The World Snooker Championship is over for another year and tickets are already on sale for next year. Now civic leaders are aiming to ensure it stays in the city for a lot longer.
Negotiations have started with a view to securing a contract for the tournament to remain at the Crucible from 2016, despite competition from China that reportedly extends to the construction of a replica of the Sheffield theatre near Beijing.
The Crucible has staged snooker’s most prestigious tournament since 1977, and World Snooker chairman Barry Hearn has repeatedly insisted it will stay there for as long as he runs the sport.
But snooker’s soaring popularity in China, which already hosts a growing number of high-profile events, is fuelling speculation the flagship tournament will eventually be relocated there.
Sheffield is determined to try to hold on to the event, not least for the sake of the extra spending power it brings to the city - estimated at £2.5m - and the profile of the city it generates around the world.
The council pays in the region of £500,000 to secure the championship for the Crucible.
But, as both the prize money for players and ambitions for the sport go up, Sheffield can expect the siren calls from China, which is by far the sport’s biggest marketplace, to grow louder.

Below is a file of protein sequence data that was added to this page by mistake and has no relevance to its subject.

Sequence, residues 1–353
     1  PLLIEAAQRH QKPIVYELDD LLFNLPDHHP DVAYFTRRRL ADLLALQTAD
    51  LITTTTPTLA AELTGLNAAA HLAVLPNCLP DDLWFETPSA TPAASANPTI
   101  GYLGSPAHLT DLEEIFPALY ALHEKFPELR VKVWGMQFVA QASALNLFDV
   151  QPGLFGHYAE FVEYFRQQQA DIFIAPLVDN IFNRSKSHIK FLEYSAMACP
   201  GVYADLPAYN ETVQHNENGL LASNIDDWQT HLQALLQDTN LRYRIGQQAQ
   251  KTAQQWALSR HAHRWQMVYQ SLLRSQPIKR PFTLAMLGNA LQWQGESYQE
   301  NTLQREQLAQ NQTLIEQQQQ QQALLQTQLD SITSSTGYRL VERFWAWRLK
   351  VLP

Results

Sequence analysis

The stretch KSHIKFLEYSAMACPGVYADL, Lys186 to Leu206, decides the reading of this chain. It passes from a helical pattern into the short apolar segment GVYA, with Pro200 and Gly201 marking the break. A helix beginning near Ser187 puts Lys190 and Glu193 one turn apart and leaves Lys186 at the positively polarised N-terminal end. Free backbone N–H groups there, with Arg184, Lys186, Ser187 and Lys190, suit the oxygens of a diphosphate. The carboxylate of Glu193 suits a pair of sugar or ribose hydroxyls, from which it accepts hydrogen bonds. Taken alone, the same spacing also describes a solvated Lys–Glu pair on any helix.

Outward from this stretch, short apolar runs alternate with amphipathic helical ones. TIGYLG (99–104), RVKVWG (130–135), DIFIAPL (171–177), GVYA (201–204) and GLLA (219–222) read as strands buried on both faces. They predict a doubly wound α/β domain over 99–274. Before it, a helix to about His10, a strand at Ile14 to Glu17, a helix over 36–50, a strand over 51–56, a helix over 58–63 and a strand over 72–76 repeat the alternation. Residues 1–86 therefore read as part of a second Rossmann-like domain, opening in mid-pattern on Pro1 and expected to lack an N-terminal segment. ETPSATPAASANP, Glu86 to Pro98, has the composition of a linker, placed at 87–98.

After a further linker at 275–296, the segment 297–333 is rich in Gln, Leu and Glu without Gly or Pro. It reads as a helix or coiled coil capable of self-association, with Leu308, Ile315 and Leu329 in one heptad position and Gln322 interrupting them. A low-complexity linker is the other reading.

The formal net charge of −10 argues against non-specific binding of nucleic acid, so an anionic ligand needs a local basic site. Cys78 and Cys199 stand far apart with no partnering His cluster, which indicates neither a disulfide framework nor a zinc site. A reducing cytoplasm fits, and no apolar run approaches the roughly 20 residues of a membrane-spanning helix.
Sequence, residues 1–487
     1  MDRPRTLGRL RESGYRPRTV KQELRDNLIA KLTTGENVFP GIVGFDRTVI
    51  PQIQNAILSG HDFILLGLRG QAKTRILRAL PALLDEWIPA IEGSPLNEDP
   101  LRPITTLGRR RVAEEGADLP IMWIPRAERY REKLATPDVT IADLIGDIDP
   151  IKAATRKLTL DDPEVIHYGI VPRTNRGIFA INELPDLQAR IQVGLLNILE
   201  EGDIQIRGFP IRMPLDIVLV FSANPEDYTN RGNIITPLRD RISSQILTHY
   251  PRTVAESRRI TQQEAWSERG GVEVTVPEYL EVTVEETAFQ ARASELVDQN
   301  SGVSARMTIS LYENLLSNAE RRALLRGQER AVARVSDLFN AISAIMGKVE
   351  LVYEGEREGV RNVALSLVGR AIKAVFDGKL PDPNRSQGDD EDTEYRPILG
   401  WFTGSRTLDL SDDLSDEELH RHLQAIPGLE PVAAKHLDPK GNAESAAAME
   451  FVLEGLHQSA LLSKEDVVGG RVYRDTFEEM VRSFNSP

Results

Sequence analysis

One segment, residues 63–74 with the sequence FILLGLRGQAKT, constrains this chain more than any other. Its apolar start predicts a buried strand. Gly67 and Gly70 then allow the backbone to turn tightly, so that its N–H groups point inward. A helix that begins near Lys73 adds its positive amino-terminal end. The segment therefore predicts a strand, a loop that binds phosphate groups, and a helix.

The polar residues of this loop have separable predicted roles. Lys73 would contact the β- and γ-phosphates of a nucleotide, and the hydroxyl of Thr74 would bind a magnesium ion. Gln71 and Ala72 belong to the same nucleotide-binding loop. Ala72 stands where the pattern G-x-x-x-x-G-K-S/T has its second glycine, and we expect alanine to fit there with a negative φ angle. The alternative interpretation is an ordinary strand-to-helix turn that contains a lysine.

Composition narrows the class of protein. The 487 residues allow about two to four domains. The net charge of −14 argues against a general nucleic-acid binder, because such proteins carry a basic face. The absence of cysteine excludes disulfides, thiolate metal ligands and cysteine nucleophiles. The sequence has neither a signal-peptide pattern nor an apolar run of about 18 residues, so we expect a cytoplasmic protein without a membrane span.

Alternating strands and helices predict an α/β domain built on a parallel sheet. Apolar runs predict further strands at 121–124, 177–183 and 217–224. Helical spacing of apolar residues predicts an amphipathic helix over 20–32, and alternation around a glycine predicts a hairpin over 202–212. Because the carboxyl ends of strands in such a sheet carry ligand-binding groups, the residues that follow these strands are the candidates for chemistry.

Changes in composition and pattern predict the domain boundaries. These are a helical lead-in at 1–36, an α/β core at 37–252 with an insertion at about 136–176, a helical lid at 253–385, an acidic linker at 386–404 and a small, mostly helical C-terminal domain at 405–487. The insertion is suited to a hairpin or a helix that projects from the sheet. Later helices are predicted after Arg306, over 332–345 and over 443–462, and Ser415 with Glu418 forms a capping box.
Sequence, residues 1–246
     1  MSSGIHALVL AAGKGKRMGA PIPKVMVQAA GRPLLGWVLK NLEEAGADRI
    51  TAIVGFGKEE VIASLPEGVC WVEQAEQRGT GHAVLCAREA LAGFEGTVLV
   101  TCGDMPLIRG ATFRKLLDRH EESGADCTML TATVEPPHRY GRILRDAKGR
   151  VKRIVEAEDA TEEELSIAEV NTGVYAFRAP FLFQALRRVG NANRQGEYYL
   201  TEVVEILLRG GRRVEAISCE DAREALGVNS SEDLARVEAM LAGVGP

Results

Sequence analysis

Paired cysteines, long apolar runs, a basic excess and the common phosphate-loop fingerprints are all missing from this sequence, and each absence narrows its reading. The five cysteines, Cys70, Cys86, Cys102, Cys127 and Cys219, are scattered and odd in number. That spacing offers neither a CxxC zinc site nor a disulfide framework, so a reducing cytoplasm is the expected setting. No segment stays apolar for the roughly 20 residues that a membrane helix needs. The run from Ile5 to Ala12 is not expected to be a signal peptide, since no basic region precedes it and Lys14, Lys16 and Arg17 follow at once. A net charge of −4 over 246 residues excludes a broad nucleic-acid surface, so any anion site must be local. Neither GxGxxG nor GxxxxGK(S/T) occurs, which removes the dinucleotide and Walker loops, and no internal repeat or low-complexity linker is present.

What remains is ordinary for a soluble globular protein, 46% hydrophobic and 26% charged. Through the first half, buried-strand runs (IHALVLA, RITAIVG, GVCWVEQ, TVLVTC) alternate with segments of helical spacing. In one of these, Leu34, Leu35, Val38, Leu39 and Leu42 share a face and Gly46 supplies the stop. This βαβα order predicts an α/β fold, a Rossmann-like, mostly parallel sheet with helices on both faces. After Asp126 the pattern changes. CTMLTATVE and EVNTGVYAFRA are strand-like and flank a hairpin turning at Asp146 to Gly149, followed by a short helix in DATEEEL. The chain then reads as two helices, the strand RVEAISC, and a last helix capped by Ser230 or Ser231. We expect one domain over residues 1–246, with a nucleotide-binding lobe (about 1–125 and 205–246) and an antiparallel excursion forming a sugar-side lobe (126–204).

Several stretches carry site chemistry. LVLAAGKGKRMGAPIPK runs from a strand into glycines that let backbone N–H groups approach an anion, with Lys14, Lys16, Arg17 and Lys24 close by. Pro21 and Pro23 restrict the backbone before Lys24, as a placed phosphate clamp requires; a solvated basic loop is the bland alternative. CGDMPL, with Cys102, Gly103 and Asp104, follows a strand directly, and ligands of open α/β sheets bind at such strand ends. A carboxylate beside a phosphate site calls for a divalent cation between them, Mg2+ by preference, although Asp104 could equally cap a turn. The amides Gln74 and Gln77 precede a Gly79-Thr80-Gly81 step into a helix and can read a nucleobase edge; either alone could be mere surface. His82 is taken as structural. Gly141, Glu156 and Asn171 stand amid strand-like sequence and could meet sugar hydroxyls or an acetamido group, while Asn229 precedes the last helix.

Playing heavily in the city’s favour is the heritage of the competition and its longstanding connection with the Crucible.
The BBC has a contract until 2017 and it is also hoped that this also will count in Sheffield’s favour.
But nothing is being taken for granted in the light of China’s enthusiasm for the sport and its financial muscle.
The director of Marketing Sheffield, Brendan Moffett said: “Negotiations are ongoing for the contract from 2016. Everyone’s view is that Sheffield and the Crucible are the undoubted home of the World Snooker Championship.”
World Snooker Chairman Barry Hearn said: “The two most fundamental parties, as far as World Championship snooker goes, are the BBC and the Sheffield City Council. While we have their support, we stay at the Crucible, and I honestly believe we will always have their support.
“We are part of the blue-riband events for the BBC and Sheffield has changed its name from the City of Steel to the City of Snooker. If we moved we would we would lose the history and integrity of the event.
“It is not a franchise that moves around the world — Wimbledon doesn’t suddenly pop up in Buenos Aires.”